From Goat To Hero in 5 Innings Or Less…

sfworldseriesringcpIt’s the MLB playoffs and I have to give a shout-out to my SF Giants. They beat the NY Mets last night in a one-game wild card playoff, their first step to getting back to the World Series. Madison Bumgarner pitched a complete game shut-out and Conor Gillaspie hit a 3-run homer to win it in the 9th. It was a very exciting finish.

I write this mainly to get a rise out of my cousin, a die-hard Mets fan. But I also write this because of a Manic Impressive baseball moment I witnessed 30 years ago.

On September 14th, 1986, San Francisco Giants’ manager Roger Craig made a fateful decision. He asked his catcher, Bob Brenly, to cover third base for an injured player in a game against the Braves. This set the stage for one of most stunning personal performances in Major League Baseball history.

To that point in the season, Bob led the National League with only 3 errors in 101 games as a catcher. But in the fourth inning, Brenly tied a Major League record. He committed four errors on just three plays, allowing the Braves to score 4 unearned runs. It was the lowest point in his 871-game MLB career.

Back in the dugout Bob did not hang his head. Nor did he lose his temper like his teammates expected. “I was known to take my anger out on the bat rack,” Brenly said with a laugh. “I think they were expecting a snap.”

What happened next was pretty strange. “A major feeling of calm came over me,” Brenly said. “It was like the entire game slowed down, but I moved at a regular speed.”

This allowed Bob to redeem himself. He hit a home run in the 5th inning. Then a two-run single in the 7th. Then with two outs in the bottom of the 9th inning, Bob hit a monster walk-off home run. He single-handedly won the game with his bat at the plate, after he’d single-handedly given it away with his glove at 3rd base.

Brenly went from Goat to Hero, or as he said, “from the outhouse to the penthouse.”

It was a captivating performance that left everyone feeling good. Brenly wasn’t a star, but he was a solid player and teammate. So it was all the more satisfying to see him make up for his disastrous play. We love it when everyday people struggle and redeem themselves.

That’s a big lesson for us Manic Impressives. Though capable of home runs, we often sabotage ourselves with dumb, mental errors. We get in our own way and cause teammates to curse us under their breath. This is when we just need to stay in the game.

Your Manic side will often get you into trouble. You’ll make mistakes, show up late, be disorganized, impulsive and forgetful. But that’s okay because, just like Bob Brenly, your Impressive side is there to bail you out.

Ideally you’ll learn to mitigate the issues caused by your Manic behaviors. Then when you step up to the plate, you’ll do what you do best, what comes effortlessly for you, what you’re passionate about and are built for, and you’ll hit it out of the park. That will make everyone forget your mistakes. Or at least accept them.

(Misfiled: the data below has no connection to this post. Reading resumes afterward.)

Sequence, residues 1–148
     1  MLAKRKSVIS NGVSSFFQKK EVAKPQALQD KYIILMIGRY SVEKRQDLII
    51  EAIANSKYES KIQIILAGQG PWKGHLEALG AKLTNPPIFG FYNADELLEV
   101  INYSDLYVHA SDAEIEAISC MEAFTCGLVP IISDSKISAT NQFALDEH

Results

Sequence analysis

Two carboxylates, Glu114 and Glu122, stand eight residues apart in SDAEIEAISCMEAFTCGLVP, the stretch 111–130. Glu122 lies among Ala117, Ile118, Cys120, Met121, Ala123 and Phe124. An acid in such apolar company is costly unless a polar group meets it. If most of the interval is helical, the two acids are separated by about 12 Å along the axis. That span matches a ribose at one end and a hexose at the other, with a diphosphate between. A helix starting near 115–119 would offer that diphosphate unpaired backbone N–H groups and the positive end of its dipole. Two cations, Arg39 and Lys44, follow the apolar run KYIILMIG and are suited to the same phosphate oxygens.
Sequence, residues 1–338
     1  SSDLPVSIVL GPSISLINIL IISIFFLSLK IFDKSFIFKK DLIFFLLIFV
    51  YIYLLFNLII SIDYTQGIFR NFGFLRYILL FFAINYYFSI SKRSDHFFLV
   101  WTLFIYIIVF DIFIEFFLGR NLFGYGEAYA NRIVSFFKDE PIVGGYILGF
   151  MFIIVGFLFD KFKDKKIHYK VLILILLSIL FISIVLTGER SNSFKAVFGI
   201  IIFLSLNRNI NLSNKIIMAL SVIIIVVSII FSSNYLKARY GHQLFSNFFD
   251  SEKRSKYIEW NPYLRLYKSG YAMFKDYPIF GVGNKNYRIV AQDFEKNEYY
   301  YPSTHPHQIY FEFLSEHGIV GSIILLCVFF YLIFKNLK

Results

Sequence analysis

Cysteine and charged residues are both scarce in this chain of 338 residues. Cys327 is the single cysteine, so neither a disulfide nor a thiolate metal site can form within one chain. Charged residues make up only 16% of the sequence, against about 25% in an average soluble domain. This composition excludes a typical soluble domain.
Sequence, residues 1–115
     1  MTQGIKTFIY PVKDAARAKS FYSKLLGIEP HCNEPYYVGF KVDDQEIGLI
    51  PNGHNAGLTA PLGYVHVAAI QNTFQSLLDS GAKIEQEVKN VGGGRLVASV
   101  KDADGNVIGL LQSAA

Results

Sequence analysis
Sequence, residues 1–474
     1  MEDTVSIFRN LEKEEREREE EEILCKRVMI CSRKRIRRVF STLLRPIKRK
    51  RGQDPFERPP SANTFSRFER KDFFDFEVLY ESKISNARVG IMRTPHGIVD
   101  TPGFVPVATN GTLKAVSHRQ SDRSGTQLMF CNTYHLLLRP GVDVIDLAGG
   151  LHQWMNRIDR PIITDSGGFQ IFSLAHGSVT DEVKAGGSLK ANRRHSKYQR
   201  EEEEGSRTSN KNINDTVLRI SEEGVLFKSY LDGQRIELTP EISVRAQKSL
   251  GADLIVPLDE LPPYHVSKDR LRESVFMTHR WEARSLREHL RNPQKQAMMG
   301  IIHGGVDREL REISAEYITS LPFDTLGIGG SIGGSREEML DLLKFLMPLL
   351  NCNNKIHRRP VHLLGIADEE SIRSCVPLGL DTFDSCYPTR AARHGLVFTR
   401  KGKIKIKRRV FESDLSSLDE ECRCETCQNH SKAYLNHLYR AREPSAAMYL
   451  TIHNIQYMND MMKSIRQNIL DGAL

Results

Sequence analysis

Or in the case of Bob Brenly, celebrate them.  Because if it weren’t for those 4 errors in the 4th, that homer in the 9th wouldn’t have meant so much. And we wouldn’t be talking about him today.

So swing for the fences, Manic Impressives, and don’t stress too much about your errors…


11 thoughts on “From Goat To Hero in 5 Innings Or Less…”

  1. Yep, bound to make errors in the game of life! The more you play and take risks it’s inevitable the more you will make errors and have “misses”. But it is in playing the game that you might get to have the joy of a home run or a miraculous turnabout such as Bob Brenly. Thanks for sharing Aram. I had no memory of this great moment in baseball until now:)

    1. Thanks Don. I watched that game live and never forgot how Bob came back to redeem himself. Hard to believe 30 years have gone by…

  2. “We love it when everyday people struggle and redeem themselves.”

    Totally agree Aram!

    Keep swinging for the fences yourself too!

    (And enjoy life with Madison Bumgarner on your team 🙂

    1. Thanks Jeff. After decades of being “long suffering” Giants fans, we are very grateful for MadBum and Bochy’s current squad. Let’s keep swinging together! (Hope that doesn’t sound weird…)

  3. Aram, another gem article! You selected a great example to make your point. I would very much enjoy reading about your own personal “home runs following errors.” Mine have often involved apologies, reparations, meaningful conversations and forgiveness following thoughtless or cruel behavior on my part.

  4. It is nice when ones hero shows up, cuz being a goat stinks – literally! While others don’t always see the hero in us, we have to see it in ourselves. Tin cans don’t go down so well, especially when they’re being fed to us.

  5. A fantastic reminder to work even harder to let the storm be a whirlwind of focus that propels us to something better. That’s a magical potion worth tapping into for inner strength.

  6. What a great story! Very inspiring. And congrats to your Giants! They had a good run. With my NY Yankees out of the picture, I was cheering for the Mets. The fact that the Giants were formerly a New York team made the Mets’ loss a little bit easier to accept. 😉 It was too bad about the Giants’ loss on Tuesday. 🙁

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